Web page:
Since the classic film Haxan: Witchcraft Through the Ages, cinema has been bewitched with the various guises of the occult within its frames. Yet with typical Hollywood foible, the representation of the esoteric in cinema is cursed within blasphemous misrepresentation. Most of what is illustrated on screen as actual witches or practicing magickal formula is far strayed off of its already crooked path. Although experience of metaphysical phenomena is subjective, just what is portrayed cinematically as actual occult possibility within existential realms is masked within sensationalism and formulaic fraud.
Horror continues to summon forth demons of visual and conceptual misrepresentation as if attempting to embody and perpetuate the scriptural â€śliarâ€ť and â€śdeceiverâ€ť aspects of the spiritual dark side to cinema.
The list of films offering an optical possession of false celluloid occult idols is legion. Some of these films, written or directed by serious industry professionals, still straddle the Devilâ€™s quixotic plotline to ridiculous comical directions.
Luckily such misguided esotericism has been bound by the cinematic spell work of one visionary filmmaker. The occult or witchcraft more specifically, has finally been captured by someone practicing the arts of research and realism within his film, an often forgotten concept of contemporary filmmaking. That man is JimmyO Burril and his film is The Good Sisters starring April Monique Burril and Debbie Rochon.
The tale of The Good Sisters chronicles the life of Breanne and Kindra Good, two tenth generation modern witches descended from the historic alleged Salem witch, Sarah Good. Historically there is no record of whether Sarah Good actually had sisters but it is within the realms of possibility. As JimmyO comments,Â
â€śYes, they are the fictional descendants of Sara Good, who was one of the first women killed as a witch in Salem.Â I looked and could find no record of real descendants from that family, although, I’m sure there may beâ€ť.
As if mirroring 17th century New England Puritanical intolerance, Breanne and Kindra continue to invoke the same persecutions into the current aeon of their private lives that the authentic witches of Salem experienced. Such prejudice, social intolerance, and may be said to be the underlying theme of the film.
As the story progresses, the lives of the sisters become enveloped within a contagion of turmoil both internally and externally. Breanne and Kindra spiral ever deeper into paranoia, psychological instability, and a magickal dependency. The sisters slowly unravel from the effects of a sociological alchemy of intrusive neighbors combined with an element from their past that seems to be both haunting and hunting any tranquility their existence as humans and modern witches may manifest.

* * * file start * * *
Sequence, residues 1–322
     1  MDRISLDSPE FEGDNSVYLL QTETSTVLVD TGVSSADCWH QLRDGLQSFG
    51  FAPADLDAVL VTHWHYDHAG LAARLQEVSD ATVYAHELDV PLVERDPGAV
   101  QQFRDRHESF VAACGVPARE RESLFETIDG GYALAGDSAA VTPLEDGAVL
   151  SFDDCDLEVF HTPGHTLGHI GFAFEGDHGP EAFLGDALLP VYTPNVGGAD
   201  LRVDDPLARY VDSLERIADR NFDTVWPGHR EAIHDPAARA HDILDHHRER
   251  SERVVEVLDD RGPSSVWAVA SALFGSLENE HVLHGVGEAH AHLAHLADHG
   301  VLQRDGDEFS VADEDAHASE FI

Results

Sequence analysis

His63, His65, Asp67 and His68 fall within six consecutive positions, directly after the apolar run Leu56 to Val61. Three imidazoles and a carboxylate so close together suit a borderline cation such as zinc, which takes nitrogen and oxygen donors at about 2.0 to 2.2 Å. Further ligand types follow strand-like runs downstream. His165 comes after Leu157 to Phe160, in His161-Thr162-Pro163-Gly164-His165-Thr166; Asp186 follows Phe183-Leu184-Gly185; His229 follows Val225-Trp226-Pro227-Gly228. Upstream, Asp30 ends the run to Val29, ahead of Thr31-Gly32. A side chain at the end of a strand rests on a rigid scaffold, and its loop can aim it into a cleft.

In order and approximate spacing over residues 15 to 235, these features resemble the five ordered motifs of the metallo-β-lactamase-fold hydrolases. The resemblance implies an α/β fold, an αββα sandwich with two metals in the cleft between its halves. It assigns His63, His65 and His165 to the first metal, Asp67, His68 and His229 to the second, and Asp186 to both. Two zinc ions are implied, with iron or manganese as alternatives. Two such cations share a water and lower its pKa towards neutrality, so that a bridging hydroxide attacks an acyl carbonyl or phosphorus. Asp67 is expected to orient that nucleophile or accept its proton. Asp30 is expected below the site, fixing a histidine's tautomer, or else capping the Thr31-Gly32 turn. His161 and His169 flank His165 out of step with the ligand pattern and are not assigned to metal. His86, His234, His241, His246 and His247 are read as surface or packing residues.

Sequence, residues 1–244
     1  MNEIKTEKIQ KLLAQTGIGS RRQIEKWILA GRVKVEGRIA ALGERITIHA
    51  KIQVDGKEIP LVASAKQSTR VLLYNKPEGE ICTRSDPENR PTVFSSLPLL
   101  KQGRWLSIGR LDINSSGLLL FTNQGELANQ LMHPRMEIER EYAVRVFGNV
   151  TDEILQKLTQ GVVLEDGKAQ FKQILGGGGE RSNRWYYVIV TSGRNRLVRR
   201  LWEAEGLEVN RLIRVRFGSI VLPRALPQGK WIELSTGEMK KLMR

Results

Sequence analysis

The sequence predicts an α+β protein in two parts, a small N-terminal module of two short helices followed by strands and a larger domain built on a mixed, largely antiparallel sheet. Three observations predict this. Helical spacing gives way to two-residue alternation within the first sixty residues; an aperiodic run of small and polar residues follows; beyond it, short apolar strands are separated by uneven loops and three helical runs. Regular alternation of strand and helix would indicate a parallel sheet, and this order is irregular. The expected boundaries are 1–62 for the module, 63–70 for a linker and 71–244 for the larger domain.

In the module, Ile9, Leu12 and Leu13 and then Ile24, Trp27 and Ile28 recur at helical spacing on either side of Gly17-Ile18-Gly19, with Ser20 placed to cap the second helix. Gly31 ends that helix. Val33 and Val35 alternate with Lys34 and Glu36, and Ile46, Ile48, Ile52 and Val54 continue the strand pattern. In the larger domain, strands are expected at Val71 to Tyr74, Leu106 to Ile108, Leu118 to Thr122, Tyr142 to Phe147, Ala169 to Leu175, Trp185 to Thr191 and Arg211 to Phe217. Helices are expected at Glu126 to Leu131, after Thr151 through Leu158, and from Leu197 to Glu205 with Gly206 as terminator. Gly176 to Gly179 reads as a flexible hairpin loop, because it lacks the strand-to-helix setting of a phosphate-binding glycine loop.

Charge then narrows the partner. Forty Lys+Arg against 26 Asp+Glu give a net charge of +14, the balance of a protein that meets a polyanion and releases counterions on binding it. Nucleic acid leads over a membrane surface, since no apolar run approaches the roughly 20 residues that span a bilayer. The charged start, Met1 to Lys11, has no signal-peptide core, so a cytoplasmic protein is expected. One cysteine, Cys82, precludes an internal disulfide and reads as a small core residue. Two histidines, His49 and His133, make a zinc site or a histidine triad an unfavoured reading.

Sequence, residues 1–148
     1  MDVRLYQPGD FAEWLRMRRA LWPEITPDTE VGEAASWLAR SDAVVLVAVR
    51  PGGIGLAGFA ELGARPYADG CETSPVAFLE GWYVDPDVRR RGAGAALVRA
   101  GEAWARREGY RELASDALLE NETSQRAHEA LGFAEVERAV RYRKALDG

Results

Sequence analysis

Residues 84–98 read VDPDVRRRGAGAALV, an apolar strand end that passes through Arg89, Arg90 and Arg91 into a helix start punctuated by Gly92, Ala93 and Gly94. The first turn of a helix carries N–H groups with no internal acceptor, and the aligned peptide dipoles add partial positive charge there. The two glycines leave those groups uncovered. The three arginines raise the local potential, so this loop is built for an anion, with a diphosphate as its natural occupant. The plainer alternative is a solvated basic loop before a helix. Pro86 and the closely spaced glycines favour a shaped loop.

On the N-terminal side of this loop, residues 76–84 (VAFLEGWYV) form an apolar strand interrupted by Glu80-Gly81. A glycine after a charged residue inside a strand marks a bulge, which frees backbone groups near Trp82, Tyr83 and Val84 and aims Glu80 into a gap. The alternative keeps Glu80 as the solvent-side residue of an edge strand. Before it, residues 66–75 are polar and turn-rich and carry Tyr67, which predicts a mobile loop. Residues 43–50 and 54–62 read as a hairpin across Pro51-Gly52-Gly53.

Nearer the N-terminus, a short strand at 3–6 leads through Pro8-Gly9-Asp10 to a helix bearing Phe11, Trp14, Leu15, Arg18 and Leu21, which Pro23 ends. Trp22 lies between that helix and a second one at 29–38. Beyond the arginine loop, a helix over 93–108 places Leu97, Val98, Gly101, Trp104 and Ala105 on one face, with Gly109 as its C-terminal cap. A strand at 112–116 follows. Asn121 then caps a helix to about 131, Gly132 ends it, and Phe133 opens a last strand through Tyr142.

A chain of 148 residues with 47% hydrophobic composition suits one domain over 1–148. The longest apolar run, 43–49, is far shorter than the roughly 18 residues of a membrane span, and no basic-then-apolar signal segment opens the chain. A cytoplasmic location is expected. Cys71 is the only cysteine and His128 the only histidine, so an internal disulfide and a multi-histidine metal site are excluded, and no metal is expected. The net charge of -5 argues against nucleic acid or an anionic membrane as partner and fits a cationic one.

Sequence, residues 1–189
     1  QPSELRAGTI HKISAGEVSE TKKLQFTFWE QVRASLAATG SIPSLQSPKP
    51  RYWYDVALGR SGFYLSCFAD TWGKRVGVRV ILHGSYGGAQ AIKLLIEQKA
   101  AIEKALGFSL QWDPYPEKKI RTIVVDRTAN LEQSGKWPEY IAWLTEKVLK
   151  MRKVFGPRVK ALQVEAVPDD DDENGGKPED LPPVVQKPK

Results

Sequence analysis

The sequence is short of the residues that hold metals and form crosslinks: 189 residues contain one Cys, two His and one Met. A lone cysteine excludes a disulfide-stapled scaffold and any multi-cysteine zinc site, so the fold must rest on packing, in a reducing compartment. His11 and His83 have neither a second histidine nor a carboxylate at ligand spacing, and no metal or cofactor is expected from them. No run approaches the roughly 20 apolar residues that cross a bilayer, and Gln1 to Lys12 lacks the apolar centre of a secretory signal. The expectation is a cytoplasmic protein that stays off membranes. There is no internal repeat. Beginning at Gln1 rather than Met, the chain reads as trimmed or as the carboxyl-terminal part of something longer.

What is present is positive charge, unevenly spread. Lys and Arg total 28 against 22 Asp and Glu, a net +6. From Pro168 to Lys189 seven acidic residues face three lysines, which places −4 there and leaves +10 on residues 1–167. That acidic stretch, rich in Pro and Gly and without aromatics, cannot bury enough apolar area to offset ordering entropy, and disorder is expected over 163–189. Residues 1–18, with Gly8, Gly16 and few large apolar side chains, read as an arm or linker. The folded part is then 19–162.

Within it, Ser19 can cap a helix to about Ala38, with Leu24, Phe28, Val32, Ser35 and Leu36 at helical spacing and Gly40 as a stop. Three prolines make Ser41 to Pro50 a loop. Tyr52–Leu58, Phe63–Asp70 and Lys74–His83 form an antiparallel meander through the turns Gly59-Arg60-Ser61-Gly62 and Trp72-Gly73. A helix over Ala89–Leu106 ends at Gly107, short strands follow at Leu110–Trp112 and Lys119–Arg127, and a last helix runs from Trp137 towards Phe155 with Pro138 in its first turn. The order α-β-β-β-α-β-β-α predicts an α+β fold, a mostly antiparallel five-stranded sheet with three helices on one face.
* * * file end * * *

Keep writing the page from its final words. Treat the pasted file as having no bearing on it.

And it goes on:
Debbie Rochon and April Burril capture the psyche and visual aesthetics of the modern witch with a natural realism that compliments both their talents as actors, as well as the writing abilities of JimmyO. The characterizations of Breanne and Kindra encapsulate what may be termed a physical embodiment of the collective duality of the feminine principals. Breanne as the older sister, portrayed by Debbie Rochon, emanates the energies of the wise woman. She is a witch and a woman combining physical beauty with the logic of the Mother aspect of the feminine Triple Goddess triad. Breanne attempts to maintain the control and focus of their actions and perceptions as their lives become unwillingly entangled within their surroundings.
Kindra, the younger sister portrayed by April Burril, breaths forth the philosophically rebellious principal of youth and sexuality. She is the Maiden principal incarnate. The psychic and emotional dynamic within Kindra keeps sensitivity and passion perpetually rendering the veils of experience. They are elements that may produce swift conclusion to their circumstances, but still need the balance found within Breanne.
It is no cinematic coincidence that a horror film containing elements of real magick would actually aggregate real magic between Rochon and Burril. The onscreen symbiosis between Debbie and April indicate that what they were experiencing and expressing visually was more than well-studied characterization and acting abilities. There was in fact a real exchange of energy between the women, one that can only be explained as genuine occult phenomena captured on film. As JimmyO relates,
â€śThey created REAL moments on camera.Â They were there… acting was out the window. We were seeing two real women create a real situation for us to document.Â It was chilling at times.â€ť
This sisterhood between Debbie and April may even be the unconscious inspiration for the film itself. When asked what the genesis of the project was Jimmy responded,
â€śThe entire movie was inspired by a photo I took of April and Debbie at a horror convention.Â They were hugging and looked so happy… they looked like long lost sisters who had just found each other. April herself acknowledges this kindred she shares with Debbie,